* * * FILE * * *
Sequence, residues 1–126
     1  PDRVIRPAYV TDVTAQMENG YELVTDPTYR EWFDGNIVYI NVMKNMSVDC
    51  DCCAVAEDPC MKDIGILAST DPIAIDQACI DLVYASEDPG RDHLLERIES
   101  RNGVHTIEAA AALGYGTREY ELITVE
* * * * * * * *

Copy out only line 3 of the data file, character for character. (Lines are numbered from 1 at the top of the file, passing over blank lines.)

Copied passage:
    51  DCCAVAEDPC MKDIGILAST DPIAIDQACI DLVYASEDPG RDHLLERIES